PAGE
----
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Mortgage fraud quadruples, finds KPMG

  • 09/08/2010
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Mortgage fraud quadruples, finds KPMG
Mortgage fraud has nearly quadrupled in value during the first six months of 2010 and constitutes over half of all fraud committed in the UK, reports KPMG.

Fraudsters committed 21 cases at a cost of £96 million compared to the same period during 2009, where there were 18 cases worth just £24 million, making the fraud total for the year £77 million.

One of the biggest mortgage cases was worth £50 million, involving two solicitors charged with commercial mortgage fraud in relation to obtaining a money transfer by deception and dishonesty, while an estate agent was jailed for six years after attempting to pull off a £2 million mortgage fraud after stealing the identities of two homeowners.

“The fact that increasing amounts of mortgage fraud are being prosecuted is cold comfort for the financial services industry,” said Hitesh Patel, partner, KPMG Forensic.

“Clearly, more of it is coming to light and more will follow. It is highly probable that the issue is far bigger than our figures demonstrate,” he said.

He said this is a legacy issue for the banks from the pre-recession boom years when inflated house prices offered the opportunity for fraud.

“Banks will be hoping that they have uncovered most of their fraudulent loans the trend remains upwards and it could be some time before we see the peak,” said Patel.

Overall, the KPMG Fraud Barometer, which considers serious cases of fraud with charges in excess of £100,000 in the UK courts, found 166 cases of serious fraud in the first half of this year – the highest number of cases in a six month period in the Barometer’s 22 year history.

The cases had a total value of £608.5 million – down 4.3 per cent for the same six month period in 2009 (£636.5 million). However, the 2009 figures were inflated by one case worth £200 million on its own, whereas in this period the biggest case was worth £66 million, meaning that without this outlier the average value per case has risen.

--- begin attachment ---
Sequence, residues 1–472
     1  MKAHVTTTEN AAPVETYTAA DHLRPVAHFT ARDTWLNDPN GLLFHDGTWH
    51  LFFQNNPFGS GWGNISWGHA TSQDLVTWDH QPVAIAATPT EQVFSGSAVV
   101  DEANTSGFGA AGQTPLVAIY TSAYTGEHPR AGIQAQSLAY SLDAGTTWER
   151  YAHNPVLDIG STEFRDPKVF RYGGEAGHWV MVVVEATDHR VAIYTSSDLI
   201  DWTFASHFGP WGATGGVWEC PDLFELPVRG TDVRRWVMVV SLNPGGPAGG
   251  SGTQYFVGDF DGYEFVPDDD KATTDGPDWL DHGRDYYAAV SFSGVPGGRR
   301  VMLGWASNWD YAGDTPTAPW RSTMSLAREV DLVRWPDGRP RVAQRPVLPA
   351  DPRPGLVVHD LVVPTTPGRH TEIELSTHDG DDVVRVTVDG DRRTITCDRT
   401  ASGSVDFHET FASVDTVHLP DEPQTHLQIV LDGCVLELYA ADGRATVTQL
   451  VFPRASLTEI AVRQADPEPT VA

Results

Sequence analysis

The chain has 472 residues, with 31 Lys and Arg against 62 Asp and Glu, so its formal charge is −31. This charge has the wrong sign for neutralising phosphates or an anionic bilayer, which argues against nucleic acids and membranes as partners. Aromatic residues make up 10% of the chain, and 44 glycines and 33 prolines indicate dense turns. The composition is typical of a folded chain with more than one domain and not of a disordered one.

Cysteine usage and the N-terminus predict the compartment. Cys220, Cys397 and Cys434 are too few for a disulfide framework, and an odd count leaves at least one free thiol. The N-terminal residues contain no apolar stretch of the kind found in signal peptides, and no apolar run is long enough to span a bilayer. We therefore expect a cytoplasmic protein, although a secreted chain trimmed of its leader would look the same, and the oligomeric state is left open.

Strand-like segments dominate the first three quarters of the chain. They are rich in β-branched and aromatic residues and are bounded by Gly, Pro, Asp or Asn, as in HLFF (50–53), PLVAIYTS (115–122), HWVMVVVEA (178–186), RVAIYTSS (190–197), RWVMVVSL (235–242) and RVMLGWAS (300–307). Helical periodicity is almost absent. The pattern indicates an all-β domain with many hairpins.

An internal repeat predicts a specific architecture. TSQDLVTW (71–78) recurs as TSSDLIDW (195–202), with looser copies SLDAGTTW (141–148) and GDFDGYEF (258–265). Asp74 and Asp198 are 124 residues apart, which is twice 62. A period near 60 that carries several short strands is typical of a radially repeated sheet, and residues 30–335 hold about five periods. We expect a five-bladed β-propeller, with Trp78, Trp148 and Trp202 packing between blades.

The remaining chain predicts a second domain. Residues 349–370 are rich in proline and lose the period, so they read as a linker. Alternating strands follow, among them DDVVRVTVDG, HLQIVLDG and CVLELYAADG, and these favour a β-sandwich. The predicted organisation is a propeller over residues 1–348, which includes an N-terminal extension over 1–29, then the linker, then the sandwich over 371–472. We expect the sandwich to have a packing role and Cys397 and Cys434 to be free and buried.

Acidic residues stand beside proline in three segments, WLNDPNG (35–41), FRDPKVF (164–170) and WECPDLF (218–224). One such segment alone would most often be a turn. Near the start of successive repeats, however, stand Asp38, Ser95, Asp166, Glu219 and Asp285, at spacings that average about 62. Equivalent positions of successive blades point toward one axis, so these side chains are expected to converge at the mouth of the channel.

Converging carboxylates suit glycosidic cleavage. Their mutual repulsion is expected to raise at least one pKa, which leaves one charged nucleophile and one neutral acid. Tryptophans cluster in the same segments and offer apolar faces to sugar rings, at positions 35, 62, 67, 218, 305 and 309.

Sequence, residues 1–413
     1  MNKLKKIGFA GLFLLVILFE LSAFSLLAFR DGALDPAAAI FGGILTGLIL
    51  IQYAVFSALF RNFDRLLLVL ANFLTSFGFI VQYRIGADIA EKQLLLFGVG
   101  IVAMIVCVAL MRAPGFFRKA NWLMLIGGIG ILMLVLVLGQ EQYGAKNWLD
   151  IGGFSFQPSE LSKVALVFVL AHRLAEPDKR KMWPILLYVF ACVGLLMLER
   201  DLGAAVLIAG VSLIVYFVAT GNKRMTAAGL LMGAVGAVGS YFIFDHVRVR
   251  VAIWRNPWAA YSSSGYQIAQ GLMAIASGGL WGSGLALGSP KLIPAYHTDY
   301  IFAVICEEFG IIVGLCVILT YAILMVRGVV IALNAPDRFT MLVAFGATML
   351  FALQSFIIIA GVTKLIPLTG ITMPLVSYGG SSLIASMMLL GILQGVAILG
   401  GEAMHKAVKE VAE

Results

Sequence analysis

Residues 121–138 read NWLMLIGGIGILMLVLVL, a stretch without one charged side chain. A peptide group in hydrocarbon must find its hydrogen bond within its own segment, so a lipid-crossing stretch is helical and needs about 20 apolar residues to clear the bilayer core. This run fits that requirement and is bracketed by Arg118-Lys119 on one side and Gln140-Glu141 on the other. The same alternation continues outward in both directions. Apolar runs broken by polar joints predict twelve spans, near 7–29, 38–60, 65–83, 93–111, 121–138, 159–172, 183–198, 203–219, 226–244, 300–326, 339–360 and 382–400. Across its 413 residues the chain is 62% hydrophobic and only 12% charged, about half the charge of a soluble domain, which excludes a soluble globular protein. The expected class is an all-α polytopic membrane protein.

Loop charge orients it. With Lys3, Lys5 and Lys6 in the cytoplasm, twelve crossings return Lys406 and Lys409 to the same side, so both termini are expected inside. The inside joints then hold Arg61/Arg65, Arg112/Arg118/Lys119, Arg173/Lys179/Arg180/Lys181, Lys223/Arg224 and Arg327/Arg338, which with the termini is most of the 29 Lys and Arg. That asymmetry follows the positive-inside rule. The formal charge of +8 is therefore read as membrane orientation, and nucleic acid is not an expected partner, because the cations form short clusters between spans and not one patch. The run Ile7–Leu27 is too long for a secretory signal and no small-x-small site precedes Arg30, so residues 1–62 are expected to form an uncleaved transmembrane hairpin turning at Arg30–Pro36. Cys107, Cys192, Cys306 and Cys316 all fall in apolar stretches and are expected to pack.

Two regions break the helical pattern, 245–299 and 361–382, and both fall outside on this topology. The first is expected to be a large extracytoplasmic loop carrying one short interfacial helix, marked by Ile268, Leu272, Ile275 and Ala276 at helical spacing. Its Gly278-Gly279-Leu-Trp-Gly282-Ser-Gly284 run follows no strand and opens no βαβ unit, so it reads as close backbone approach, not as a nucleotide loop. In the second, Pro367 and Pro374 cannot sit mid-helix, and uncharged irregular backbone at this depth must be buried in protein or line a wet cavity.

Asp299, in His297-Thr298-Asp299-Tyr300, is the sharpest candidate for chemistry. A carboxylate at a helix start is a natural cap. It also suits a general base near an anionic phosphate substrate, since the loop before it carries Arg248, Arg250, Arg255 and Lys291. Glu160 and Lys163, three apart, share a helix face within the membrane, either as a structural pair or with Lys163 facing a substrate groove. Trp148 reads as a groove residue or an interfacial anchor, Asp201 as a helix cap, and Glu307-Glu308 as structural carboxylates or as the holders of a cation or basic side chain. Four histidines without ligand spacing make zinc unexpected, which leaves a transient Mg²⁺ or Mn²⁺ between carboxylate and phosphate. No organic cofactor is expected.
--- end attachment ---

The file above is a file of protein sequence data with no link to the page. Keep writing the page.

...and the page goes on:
On average, manager fraud was far more serious than employee fraud, with theft totaling £135 million compared to £45 million, or over £4 million per case compared to £1 million per employee case.

For example, one Birmingham finance boss manipulated the profits of a steel supply firm to ensure a bonus by falsifying the company’s accounting records. He spent over £100,000 at a local lap dancing club, and by doing so 11 redundancies had to be made at the firm, which was nearly bought to its knees as a result of his actions, said KPMG.

Professional criminals perpetrated the most fraud during the period with 56 cases  reported at a value of £391 million, over half the total amount included in the Barometer.

Government was targeted in 38 cases worth £178 million: a number of government frauds were tax scams involving benefits, VAT, or carousel fraud.

Patel said: “At a time when the country has a huge deficit, it’s clear that government needs to do all it can to protect itself from fraud and claw back lost funds. It becomes a problem that affects us all. Contrary to popular perception, fraud is not a victimless crime, particularly at a time when social welfare and infrastructure budgets need to be carefully protected. Any losses to fraud are losses from those budgets.”

Regionally, London and the South East remain the biggest hotspot for fraudsters – the region accounts for over half of the total cases (88), which equates to a staggering 81 per cent (£493 million) by value. The North East is its nearest rival, with 26 cases reported at a value of £43 million, said KPMG.





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